Child's hand showing them decorating small wooden doll figure

Children and young people share their views on creativity in virtual schools

The results of a creative consultation with care-experienced children and young people in the North East have been published, capturing their views on art and creativity within their virtual school experience.

North East charity, Blue Cabin, was commissioned to carry out the consultation as part of an exploration into the potential use of Arts Council England’s Artsmark programme in virtual schools.

26 children and young people, aged from five to 14 years, took part. They all receive support from virtual schools – a team which supports the educational progress of children and young people in care – in the Darlington, Hartlepool or Redcar and Cleveland areas.

Jenny Young, Director of Blue Cabin, explained: “Along with our team of Associate Artists, who are experts in working with care-experienced children and young people, we developed a consultation process which enabled children and young people to share their views in a safe, caring and creative environment.

“The results give us a valuable insight into creative experiences within virtual schools, the people in the children and young people’s lives who support them to be creative, and the artforms – from fashion design to sculpture – that they’d like to explore more.”

Artsmark is an Arts Council England programme that supports education settings to bring learning to life through arts, culture and creativity.
As part of a wider national consultation, 26 children and young people from the North East shared their thoughts via artist-led activities including zine-making, graffiti art and filmmaking.

Blue Cabin, working with Darlington Borough Council, Hartlepool Borough Council and Redcar and Cleveland Borough Council, took a trauma-informed approach, ensuring the children’s wellbeing and right to be heard was at the heart of the process.

The results of the consultation showed that music and singing was the most-commonly cited creative activity that the children and young people did outside school, and that art, design, style and fashion were the areas that they’d most like to get involved with.

Children also shared their views on visiting cultural venues, with the vast majority having been to a theatre, gallery, museum, concert or dance academy. They also shared what they’d like to do and see at cultural venues in the future, with music, singing and a wide range of visual artforms being mentioned.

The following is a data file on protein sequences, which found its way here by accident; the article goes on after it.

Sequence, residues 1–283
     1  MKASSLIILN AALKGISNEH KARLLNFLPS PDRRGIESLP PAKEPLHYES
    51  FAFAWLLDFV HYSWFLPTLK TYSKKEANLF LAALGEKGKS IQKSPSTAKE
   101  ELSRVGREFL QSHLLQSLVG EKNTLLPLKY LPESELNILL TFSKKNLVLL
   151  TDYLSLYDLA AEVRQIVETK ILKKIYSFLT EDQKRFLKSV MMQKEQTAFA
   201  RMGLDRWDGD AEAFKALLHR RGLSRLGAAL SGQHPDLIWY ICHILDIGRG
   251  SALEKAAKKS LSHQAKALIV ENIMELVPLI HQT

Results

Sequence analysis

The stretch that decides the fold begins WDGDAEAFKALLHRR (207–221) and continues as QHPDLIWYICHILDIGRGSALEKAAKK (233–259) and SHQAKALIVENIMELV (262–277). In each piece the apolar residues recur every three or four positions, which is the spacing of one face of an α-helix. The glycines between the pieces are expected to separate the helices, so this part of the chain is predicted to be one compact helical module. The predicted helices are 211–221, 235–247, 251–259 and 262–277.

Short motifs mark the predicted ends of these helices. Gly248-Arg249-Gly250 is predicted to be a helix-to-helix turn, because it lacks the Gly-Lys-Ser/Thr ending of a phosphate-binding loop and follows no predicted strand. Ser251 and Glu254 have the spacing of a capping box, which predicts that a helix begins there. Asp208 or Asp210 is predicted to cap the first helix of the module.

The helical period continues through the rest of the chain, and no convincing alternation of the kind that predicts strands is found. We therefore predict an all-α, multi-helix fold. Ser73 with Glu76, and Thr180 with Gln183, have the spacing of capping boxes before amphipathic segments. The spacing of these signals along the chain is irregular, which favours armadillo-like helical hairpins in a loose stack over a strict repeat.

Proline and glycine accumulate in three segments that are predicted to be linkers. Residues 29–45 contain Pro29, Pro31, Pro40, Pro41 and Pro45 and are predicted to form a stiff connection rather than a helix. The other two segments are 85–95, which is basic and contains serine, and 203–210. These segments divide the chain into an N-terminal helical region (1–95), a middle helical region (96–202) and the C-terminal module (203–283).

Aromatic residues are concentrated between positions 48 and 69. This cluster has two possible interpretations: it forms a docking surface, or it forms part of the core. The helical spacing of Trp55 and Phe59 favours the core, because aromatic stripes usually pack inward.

Kathryn Welford, Senior Officer, Artsmark Development at Arts Council England, said: “Artsmark is the Arts Council’s flagship schools programme, helping embed arts, creativity and culture across a range of school settings. Our work with Blue Cabin has informed our thinking about how Artsmark can support virtual schools in particular and the young people they serve. The report was a joy to read – the enthusiasm and creativity of the young people really shone through! It gave us lots of ideas to take forward in developing Artsmark and making sure care-experienced young people can participate in the arts and enjoy creativity the same as everyone else.”

Rachael James, Virtual School Pupil Inclusion Officer for Redcar & Cleveland, said: “The session was a great way to see art being utilised as a tool to gain an insight into how the child views the world around them. It provided an opportunity to open discussions around the creative arts and how our children and young people would like to engage with this. The children were provided with a safe space to create an island built from the imaginations of the group. It was fantastic to see the children engage with the artist and get excited about what they were going to create next!”

Owain Davies, Education Officer at Darlington Virtual School, added: “Once again, it was a complete joy to work together alongside our children and young people, and the Blue Cabin team. It was a wonderful, fun-packed day full of smiles, curiosity and enthusiasm as our group got stuck into the fantastic activities delivered by the fab Associate Artists, Laura and Paul.

“Their emerging understanding and knowledge, individual talents, and teamwork shone brightly throughout the sessions, and it was a real privilege to gain a deeper insight of what creativity and the arts mean to them. To hear their voices and views in terms of what opportunities and experiences would be important and exciting to them, in developing and pursuing their own involvement in the arts, will really help drive how – and what – our Virtual School offer should look like moving forward – and help us to open the doors to even more positive and tailored opportunities, shared experiences, and exciting explorations of their own creative and artistic potentials.”

The creative consultation report can be read here.